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Publications (2)9.23 Total impact

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    ABSTRACT: Reports of the burden of hypertension in hospitalized children are emerging, but the prevalence and significance of this condition within the PICU are not well understood. The aims of this study were to validate a definition of hypertension in the PICU and assess the associations between hypertension and acute kidney injury, PICU length of stay, and mortality. Single-center retrospective study using a database of PICU discharges between July 2011 and February 2013. All children discharged from the PICU with length of stay more than 6 hours, aged 1 month through 17 years. Exclusions were traumatic brain injury, incident renal transplant, or hypotension. None. Potential definitions of hypertension utilizing combinations of standardized cutoff percentiles, durations, initiation or dose escalation of antihypertensives, and/or billing diagnosis codes for hypertension were compared using receiver operator characteristic curves against a manual medical record review. Multivariable logistic and linear regression analyses were conducted using the selected definition of hypertension to assess its independent association with acute kidney injury and PICU length of stay, respectively. A definition requiring three systolic and/or diastolic readings above standardized 99th percentiles plus 5 mm Hg over 1 day was selected (area under the curve, 0.91; sensitivity, 94%; specificity, 87%). Among the 1,215 patients in this analysis, the prevalence of hypertension was 25%. Hypertension was independently associated with acute kidney injury (odds ratio, 2.89; 95% CI, 1.64-5.09; p < 0.01) and increased PICU length of stay (1.50 d; 95% CI, 0.94-2.05; p < 0.01) in multivariable analyses. Deaths were rare-0 in the normotension group and 3 (1%) in the hypertension group-but were statistically different (p = 0.02). Hypertension is common in the PICU and is associated with worse clinical outcomes. Future studies are needed to confirm these results.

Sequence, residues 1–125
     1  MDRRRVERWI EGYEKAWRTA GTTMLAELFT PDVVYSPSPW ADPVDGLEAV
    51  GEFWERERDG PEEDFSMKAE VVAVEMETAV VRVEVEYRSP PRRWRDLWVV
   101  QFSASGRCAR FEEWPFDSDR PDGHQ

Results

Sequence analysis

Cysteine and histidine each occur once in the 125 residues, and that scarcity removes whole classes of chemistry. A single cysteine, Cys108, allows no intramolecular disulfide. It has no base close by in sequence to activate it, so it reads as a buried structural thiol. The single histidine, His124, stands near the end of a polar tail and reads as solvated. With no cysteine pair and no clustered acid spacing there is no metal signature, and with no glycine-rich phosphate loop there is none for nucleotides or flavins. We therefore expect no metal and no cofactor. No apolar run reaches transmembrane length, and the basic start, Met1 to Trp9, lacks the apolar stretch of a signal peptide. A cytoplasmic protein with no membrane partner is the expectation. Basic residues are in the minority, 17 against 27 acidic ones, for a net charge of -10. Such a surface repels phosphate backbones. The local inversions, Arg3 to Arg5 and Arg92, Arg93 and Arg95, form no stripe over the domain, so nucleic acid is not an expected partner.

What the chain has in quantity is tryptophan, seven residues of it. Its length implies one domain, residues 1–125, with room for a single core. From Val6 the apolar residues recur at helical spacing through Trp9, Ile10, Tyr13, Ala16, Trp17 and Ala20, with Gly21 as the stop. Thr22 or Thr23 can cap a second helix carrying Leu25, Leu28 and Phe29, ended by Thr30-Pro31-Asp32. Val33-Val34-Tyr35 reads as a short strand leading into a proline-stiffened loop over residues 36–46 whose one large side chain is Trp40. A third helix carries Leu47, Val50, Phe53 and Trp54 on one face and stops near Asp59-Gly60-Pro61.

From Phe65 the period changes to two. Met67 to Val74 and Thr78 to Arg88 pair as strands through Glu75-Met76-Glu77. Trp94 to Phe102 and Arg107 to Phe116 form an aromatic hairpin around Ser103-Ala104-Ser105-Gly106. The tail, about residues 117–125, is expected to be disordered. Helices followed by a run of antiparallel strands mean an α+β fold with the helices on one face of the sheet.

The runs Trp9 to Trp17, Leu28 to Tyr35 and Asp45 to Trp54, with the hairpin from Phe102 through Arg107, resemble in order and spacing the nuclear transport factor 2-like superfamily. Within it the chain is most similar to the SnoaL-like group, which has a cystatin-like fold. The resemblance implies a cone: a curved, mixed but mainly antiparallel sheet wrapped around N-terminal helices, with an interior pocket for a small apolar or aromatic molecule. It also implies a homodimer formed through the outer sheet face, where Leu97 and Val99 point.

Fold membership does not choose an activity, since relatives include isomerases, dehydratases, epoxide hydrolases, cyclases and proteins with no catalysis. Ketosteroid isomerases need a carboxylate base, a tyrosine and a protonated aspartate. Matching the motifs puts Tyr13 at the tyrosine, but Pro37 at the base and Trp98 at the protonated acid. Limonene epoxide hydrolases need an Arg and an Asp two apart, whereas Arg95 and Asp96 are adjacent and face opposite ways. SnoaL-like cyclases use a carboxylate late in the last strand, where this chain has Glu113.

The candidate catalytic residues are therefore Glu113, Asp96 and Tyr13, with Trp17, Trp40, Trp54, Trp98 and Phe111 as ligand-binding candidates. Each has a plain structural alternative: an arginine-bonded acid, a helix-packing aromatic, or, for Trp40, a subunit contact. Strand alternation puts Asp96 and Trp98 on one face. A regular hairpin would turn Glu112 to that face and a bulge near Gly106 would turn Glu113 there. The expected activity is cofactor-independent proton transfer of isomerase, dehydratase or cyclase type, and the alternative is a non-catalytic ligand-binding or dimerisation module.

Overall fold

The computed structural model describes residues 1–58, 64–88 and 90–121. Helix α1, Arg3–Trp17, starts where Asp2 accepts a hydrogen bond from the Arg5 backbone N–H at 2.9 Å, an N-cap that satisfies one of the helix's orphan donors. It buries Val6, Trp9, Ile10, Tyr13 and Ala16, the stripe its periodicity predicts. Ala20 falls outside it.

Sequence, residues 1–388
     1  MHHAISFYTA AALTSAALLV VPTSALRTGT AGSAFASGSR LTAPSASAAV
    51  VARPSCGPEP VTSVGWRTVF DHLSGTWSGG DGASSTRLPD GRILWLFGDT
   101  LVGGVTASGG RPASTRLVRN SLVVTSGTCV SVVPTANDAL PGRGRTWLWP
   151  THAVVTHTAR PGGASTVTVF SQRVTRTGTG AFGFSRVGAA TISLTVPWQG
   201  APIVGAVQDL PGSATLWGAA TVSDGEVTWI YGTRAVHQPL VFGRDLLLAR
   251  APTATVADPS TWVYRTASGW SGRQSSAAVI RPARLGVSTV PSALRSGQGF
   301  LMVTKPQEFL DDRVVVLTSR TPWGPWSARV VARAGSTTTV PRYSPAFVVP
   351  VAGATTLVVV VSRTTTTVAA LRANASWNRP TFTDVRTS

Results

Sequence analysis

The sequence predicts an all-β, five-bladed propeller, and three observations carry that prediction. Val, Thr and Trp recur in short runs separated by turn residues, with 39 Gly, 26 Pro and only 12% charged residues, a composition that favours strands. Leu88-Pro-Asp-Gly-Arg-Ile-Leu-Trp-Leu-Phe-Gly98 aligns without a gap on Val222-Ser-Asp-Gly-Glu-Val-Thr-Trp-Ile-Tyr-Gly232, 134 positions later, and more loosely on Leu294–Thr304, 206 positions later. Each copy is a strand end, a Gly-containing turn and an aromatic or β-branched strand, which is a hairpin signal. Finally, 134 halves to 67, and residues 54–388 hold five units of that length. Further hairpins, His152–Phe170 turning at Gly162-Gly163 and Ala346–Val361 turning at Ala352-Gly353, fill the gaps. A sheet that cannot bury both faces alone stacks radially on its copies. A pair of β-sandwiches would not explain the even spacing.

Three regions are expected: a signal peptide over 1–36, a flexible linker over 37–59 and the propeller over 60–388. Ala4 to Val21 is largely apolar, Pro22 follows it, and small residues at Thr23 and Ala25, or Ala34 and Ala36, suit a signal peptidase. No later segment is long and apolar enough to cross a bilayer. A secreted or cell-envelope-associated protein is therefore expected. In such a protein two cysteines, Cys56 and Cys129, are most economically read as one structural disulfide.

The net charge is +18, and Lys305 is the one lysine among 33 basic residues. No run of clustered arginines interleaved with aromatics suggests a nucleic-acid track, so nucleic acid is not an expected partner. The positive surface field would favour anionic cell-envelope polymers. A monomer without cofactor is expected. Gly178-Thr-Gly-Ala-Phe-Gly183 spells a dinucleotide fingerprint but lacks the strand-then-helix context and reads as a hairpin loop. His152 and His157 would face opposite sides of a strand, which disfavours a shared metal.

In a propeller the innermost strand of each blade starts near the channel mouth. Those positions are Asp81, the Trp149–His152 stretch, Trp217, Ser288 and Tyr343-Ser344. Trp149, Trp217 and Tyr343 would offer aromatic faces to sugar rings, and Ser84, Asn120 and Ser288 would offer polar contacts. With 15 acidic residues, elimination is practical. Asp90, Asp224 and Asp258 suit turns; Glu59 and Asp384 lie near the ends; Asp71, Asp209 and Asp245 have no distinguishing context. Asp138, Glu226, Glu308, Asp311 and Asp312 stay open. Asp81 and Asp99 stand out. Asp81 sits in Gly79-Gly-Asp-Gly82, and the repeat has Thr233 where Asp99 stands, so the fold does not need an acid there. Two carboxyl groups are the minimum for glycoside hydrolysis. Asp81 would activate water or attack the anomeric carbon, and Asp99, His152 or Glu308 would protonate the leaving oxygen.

Pediatric Critical Care Medicine 04/2014; · 2.35 Impact Factor
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    ABSTRACT: The objective of this study was to evaluate the healthcare utilization of hospitalized children with hypertension. The Healthcare Cost and Utilization Project Kids' Inpatient Database, years 1997, 2000, 2003, and 2006, was used to identify hypertension hospitalizations. We examined the association of patient and hospital characteristics on hypertension charges. Data from each cohort year were used to analyze trends in charges. We found that 71282 pediatric hypertension hospitalizations generated $3.1 billion in total charges from 1997 to 2006. Approximately 68% were 10 to 18 years old, 55% were boys, and 47% were white. Six percent of claims with a diagnosis code for hypertension also had a diagnosis code for end-stage renal disease or renal transplant. The frequency of hypertension discharges increased over time (P=0.02 for each of age groups 2-9 years and 2-18 years; P=0.03 for age group 10-18 years), as well as the fraction of inpatient charges attributed to hypertension (P<0.0001). Length of stay and end-stage renal disease were associated with increases in hospitalization associated charges (P<0.0001 and P=0.03, respectively). During the 10-year study period, the frequency of hypertension-associated hospitalizations was increasing across all of the age groups, and the fraction of charges related to hypertension was also increasing. The coexisting condition of end-stage renal disease resulted in a significant increase in healthcare charges.
    Hypertension 06/2012; 60(2):296-302. · 6.87 Impact Factor